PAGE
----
Armor us for battle against the enemy. When the enemy takes a skirmish against us, remind us that we CAN always go home again. Remind us that we are better late than never to take that first step.

Father, we thank you for bringing Jane through her surgery safely and we pray for her continued recovery. We also thank you for the chance to pray over a friend who is likely to leave this life sooner rather than later. We pray that he will be with You in paradise when his time comes. Only You hold the power to move in his heart (and ours) but thank You for blessing us with the chance to plant seeds of faith in every heart we meet.

SDG

Unchain My Heart

I’m an awful person. Really. Deep down – in those places no one sees. Hateful thoughts and judgmental “observations” and intolerant tones and ungrateful attitudes lurk. The whys prowl about  – why does it always happen to me?; why am I forced to suffer?; why my baby girl? Why? Why? Why? (Read those last three words out loud. Scary how much they sound like waah, waah, waah.) My own insecurities, regrets, and doubts feed the negativity.  At that point, I’m uncertain whether Satan’s sinister lies take me by force or if I simply surrender out of exhaustion.

In either case, these are the chains that bind my heart. Read more

Taking Faith on a Dare

Are you a sucker for a dare or a challenge? I wish that I could answer “no” to that question, but sadly and all too often the answer is “yes.” In my younger days, tackling a challenge usually meant that I would get myself into some sort of trouble. There was that time that I had to prove that I could ramp a BMX bike like my younger brother and his friends. That one landed me on my head – literally, complete with a ride in an ambulance and a luxury, all-inclusive stay at our local hospital.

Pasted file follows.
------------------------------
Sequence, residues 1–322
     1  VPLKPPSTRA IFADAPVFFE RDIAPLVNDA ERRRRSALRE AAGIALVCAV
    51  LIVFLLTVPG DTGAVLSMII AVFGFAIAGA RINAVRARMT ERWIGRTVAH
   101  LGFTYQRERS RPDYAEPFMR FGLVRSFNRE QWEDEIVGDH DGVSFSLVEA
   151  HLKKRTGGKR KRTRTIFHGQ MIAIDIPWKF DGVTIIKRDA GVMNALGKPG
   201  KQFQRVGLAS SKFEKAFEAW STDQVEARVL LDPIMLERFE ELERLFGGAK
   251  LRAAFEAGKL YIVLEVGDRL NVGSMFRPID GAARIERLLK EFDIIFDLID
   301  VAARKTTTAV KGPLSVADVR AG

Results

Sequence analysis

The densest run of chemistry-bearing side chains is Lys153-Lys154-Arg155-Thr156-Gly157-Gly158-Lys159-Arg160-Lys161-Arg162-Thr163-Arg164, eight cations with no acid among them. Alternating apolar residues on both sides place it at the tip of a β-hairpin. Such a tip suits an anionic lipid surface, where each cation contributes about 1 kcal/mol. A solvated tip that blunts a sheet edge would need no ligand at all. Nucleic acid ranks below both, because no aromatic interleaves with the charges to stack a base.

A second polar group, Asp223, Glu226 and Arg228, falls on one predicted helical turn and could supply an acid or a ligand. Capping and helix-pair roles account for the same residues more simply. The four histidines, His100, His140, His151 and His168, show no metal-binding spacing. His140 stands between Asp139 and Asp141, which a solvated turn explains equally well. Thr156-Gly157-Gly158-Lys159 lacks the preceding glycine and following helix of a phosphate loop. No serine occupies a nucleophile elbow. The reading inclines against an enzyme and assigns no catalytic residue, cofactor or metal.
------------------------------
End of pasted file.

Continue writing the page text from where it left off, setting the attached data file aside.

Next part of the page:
More recently, the dares and challenges that I accept would be considered “good for me.” I fell for that 30-day plank challenge that was all the rage on social media. Nailed it! Back in 2007, I was goaded into running a half-marathon. Crushed it!

No, I was not a runner. No, I don’t enjoy running. Yes, I get a deep sense of satisfaction when I push myself to achieve goals that seem just out of my reach. In this sense, my stubborn streak could be seen as both a curse and a blessing. On the one hand, we could be calling 9-1-1 or on the other I could enjoy toned arms and abs of steel for 30-days.

Of all of the dares and trials that come our way, none are more challenging than the ones Satan throws in our ways.  When Satan scorches our paths or litters the road before us with shattered dreams or lines our trails with broken hearts, he’s goading us. He’s taunting us with his demonic version of “I bet you can’t.” I bet you can’t fight the diagnosis. I bet you can’t overcome the disability. I bet you can’t survive the loss. I bet you can’t pick yourself up.Satan’s subtle insinuation is that we have to pick ourselves upin order to win his wicked wager. And, when we play into his hand – we lose hope and our faith is rocked and he wins.

Yet, how often do we play right into his hand? How many times do we first react to hurt and loss with I can’t imagine?Or I can’t handle it?Or I don’t want to go on?Defeat is frequently my initial reaction. Then typically my stubbornness takes over with its best impression of – imagining, handling, and going on.I can put up a great front, but all of that putting on a front takes a toll. 

There was a point during that half-marathon challenge when I didn’t think that I could take another step. I was tired to the bone. Each step was heavy and required deliberate effort to continue. Then, I turned a corner. Literally. I came around one corner and I could see the finish line. It was about a mile or so away. Even so as soon as I saw it, I knew that I could make it. 

I had found my second wind. I felt lighter. Stronger. Confident. Hopeful.